But that’s not workable for everyone. So let’s figure out what changes will really benefit our children and our communities.
1. Let’s find out about the holistic, uneven and delightfully unique ways that children learn.
2. Let’s look beyond trends, reading publications written by parents and teachers such as Education Revolution Magazine, Rethinking Schools, and Encounter: Education for Meaning and Social Justice.
3. Let’s pay attention to the thoughtful, experience-informed work of today’s unsung educational luminaries including Ron Miller, Jerry Mintz, Chris Mercogliano.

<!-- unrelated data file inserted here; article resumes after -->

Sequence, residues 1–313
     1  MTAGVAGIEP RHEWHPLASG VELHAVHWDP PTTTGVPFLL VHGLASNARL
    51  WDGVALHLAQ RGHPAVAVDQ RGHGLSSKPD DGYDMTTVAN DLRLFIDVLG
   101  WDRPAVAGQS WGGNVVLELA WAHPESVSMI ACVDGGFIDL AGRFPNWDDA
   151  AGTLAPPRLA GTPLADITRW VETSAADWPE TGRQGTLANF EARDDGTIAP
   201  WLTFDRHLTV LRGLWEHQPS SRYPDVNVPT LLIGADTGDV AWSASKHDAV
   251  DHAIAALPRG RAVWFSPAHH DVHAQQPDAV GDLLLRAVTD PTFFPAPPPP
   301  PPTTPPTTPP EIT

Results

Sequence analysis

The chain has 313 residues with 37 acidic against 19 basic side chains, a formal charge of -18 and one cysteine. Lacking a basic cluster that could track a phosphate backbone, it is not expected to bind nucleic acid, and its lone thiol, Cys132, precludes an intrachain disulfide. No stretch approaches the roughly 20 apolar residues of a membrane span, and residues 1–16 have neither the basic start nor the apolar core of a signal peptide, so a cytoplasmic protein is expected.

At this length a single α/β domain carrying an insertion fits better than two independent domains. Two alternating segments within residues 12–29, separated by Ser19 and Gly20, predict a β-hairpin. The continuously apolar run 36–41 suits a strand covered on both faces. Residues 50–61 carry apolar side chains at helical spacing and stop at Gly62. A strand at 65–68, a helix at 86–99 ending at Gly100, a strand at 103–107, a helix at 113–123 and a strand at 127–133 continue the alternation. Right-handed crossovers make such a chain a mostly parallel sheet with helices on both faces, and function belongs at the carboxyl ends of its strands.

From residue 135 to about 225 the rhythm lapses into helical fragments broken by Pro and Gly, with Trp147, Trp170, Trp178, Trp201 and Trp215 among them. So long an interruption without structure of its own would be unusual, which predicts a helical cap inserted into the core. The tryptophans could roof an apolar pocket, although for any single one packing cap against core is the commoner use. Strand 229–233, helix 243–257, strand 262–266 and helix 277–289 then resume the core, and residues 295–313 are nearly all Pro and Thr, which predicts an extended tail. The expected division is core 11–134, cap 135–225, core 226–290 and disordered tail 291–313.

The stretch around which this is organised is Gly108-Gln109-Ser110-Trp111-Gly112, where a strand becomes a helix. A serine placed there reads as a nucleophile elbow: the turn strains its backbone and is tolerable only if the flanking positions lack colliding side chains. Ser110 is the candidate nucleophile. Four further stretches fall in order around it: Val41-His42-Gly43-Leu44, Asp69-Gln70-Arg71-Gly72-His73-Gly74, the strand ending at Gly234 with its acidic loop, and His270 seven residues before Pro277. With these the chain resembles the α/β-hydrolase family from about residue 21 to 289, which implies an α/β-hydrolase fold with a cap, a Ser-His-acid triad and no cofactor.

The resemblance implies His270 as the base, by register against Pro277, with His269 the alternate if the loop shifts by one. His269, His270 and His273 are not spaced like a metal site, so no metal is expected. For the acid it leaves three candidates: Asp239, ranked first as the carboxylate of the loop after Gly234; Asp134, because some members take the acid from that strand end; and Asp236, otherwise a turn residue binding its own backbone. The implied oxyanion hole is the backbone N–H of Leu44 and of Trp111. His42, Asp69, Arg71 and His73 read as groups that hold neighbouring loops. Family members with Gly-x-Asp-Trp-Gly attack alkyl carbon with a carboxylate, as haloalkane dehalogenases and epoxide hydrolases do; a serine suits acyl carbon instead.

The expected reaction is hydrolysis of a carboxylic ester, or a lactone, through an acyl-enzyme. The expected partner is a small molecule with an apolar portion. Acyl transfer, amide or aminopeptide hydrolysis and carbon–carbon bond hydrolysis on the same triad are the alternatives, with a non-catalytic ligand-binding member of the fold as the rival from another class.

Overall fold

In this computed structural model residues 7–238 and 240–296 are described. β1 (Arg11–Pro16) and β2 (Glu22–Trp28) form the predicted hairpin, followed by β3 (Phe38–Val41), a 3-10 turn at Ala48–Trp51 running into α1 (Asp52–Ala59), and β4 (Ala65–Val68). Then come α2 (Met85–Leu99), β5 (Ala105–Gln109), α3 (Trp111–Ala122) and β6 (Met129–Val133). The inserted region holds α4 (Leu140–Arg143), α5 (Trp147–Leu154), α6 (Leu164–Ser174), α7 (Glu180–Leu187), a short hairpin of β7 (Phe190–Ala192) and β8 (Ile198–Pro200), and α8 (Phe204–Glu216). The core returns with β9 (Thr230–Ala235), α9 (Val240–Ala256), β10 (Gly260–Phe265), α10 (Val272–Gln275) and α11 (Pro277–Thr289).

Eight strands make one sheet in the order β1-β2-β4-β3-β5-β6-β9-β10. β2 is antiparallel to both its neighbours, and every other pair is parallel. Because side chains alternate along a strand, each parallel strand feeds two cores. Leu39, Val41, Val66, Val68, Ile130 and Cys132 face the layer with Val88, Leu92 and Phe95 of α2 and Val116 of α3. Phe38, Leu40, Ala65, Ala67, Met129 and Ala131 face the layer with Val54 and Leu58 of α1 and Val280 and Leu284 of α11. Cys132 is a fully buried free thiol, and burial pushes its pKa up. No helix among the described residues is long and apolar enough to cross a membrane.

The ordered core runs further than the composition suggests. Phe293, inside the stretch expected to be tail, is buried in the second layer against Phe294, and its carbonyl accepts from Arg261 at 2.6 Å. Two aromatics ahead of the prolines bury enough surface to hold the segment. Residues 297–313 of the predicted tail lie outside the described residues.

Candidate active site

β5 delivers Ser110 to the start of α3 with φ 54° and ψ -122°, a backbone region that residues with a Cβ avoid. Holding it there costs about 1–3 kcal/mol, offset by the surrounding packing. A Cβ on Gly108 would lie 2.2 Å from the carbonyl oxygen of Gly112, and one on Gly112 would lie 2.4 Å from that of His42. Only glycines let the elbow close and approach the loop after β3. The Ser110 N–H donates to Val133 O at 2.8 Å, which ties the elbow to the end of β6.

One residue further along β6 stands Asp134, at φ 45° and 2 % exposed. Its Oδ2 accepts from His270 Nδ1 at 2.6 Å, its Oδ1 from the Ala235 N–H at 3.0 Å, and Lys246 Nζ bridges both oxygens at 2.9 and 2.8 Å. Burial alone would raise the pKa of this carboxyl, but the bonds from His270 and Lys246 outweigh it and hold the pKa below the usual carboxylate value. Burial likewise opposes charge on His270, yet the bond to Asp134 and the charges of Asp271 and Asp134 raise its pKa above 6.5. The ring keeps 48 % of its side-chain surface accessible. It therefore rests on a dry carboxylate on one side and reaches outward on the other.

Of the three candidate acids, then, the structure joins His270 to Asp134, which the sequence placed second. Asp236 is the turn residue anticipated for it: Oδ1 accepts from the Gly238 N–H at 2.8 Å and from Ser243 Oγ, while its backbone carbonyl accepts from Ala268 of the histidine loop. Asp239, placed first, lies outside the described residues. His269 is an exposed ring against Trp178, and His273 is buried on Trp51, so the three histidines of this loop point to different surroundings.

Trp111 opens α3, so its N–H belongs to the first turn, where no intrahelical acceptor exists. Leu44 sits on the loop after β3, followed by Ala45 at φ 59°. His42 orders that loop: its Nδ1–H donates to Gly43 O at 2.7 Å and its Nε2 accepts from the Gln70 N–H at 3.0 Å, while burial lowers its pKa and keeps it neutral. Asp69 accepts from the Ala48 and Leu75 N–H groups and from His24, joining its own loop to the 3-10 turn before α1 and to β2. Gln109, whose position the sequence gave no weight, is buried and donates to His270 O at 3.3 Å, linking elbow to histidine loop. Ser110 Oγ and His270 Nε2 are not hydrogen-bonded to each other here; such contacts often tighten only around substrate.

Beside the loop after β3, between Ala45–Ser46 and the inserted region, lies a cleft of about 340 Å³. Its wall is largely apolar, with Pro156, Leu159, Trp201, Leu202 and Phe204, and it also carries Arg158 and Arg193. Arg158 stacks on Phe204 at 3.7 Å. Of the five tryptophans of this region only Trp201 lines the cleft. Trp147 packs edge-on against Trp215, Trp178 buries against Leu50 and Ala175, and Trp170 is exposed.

4. And perhaps most importantly, lets pay attention to what those who love to learn have to say. Our kids tell us how they learn best each day not only through their enthusiasm but also through their stubbornness, anger, despair and numbness. They need to participate in meaningful work, to apply real skills, to pursue their own interests, to advance at their own speed in their own way, to model themselves after people they admire and to face challenges that inspire them. Every day. That’s how humanity advances.
The future is too important to do otherwise.